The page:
According to todays telly, there are moves a foot to make small cafes and food bars publish (or display) the calorie value of the food they serve.
To my surprise , the story wasn’t “about time” it was”poor small traders who will go bankrupt because they have to workout the calorie value of the food they serve”
The poor dears.
I’d suggest that if you have a decent menu range , think old fashioned greasy spoon cafe, it could take, maybe 2 hours to knock up this info. The reality is, if you don’t know the calorie value of the food you serve, maybe, you shouldn’t be dishing it up.
There are hundreds of easy to use calorie calculating resources.
We know we have an obesity crisis. We need to start dealing with it.
This is a handy ” how to increase the weight you should use” tip. Its the biggest draw back of exercise regimes that they forget to increase the stress of the exercise. Once you are used to it, the exercise is no longer an exercise, its just an activity.
The body needs to be challenged so you often need to vary exercise type, angles, type of kit used, but also, often, the weight used.
One of the easiest way to increase he effectiveness is to increase the weight used. thats ok, but when do you ” up the weight”.
If I’m building some muscle mass for my clients, I suggest this:
Find the weight you can do 12 reps with. Once you hit 12 reps, up the weight. Aim to find a weight you can get to 8 reps with. Over the next few sessions, build up to 12 reps again (using the same weight) then, once you hit 12 reps, up the weight. Expect to get to 8 reps again., build to 12 reps, and so on.
To be clear I have clients starting out with a bicep curl: we find what they can do 12 with say 6kg. So we now increase to 7kg, If they can do 12 reps, we up it again, but maybe, for example , going to 8kg becomes hard. Maybe they can only do 8kg for 8 reps . Great.The task is now to increase the reps from 8 to 12. once they hit 12 reps, up the weight again again?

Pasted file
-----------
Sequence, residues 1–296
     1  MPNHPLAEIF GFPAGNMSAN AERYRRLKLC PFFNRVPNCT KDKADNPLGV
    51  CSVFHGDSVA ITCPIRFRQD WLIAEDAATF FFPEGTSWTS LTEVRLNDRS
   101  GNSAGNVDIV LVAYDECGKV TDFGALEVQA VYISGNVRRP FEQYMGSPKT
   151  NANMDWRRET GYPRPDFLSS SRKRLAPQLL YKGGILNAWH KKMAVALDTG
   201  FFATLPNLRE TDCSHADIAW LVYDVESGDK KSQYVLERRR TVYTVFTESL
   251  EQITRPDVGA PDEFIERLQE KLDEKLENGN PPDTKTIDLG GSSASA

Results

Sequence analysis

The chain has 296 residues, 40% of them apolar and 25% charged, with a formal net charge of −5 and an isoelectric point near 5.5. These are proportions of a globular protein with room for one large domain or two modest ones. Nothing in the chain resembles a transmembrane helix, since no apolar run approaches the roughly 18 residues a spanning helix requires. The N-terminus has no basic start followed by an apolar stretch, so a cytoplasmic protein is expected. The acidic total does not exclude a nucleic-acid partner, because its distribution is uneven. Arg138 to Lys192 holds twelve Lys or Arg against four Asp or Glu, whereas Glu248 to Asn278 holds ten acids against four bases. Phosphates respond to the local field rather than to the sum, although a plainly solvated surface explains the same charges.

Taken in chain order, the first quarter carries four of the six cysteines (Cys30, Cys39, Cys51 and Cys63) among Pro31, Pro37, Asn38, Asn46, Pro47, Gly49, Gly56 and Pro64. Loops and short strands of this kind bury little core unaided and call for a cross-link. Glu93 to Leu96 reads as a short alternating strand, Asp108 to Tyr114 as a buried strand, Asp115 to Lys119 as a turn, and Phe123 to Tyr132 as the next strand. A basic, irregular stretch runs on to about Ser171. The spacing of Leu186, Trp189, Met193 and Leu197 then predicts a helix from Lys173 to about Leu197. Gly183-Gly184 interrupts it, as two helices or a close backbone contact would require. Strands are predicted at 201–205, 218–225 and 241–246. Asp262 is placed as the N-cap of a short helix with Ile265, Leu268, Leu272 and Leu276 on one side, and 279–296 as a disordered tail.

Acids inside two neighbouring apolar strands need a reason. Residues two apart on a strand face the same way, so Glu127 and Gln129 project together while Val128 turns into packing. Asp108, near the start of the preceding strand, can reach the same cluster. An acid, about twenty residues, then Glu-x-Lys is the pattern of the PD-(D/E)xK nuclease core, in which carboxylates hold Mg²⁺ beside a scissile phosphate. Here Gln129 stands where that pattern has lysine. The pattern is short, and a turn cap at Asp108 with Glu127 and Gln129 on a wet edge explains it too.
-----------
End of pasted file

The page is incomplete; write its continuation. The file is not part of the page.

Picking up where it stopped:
Hope that helps
My name is Andrew Stemler and Im a City and East London Personal trainer. Email me at at firstname.lastname@example.org
to be effective at self-defence, you need to know who is most likely to attack you: once again and extract from March 2016, the Crime Survey for England and Wales
Perpetrators were most likely to be male, being reported to be the perpetrator in three-quarters of violent incidents (76%). Perpetrators were also most likely to be aged between 25 and 39, with the perpetrator believed to belong to this age group in 42% of violent incidents.
In 74% of violent incidents, a sole perpetrator was reported to have been responsible. For incidents with more than one perpetrator, victims most commonly reported that 4 or more perpetrators (11% of incidents) or 2 perpetrators (10% of incidents) were involved.
The number of perpetrators involved varied by the relationship between the victim and the perpetrator. Only 1% of domestic violence incidents involved more than one perpetrator, compared with 24% of incidents of acquaintance violence and 43% of incidents of stranger violence. Incidents involving 4 or more perpetrators accounted for 14% of acquaintance violence and 15% of stranger violence, but no incidents of domestic violence.
Victims believed the perpetrator(s) to be under the influence of alcohol in 40% (491,000) of violent incidents1. In 19% (237,000) of violent incidents, the victim believed the perpetrator(s) to be under the influence of drugs
Victims aged 10 to 15 were able to say something about the perpetrator in 94% of violent incidents in the year ending March 2016 Crime Survey for England and Wales (CSEW). Incidents of violence against children were most likely to be committed by someone known well to the victim (52% of incidents), with a small proportion of incidents being committed by strangers (12%). The perpetrator was a pupil at the victim’s school in 68% of violent incidents, and was a friend (including boyfriend or girlfriend) in 11% of incidents. The perpetrator was most likely to be male (81% of incidents) and aged between 10 and 15 (78%)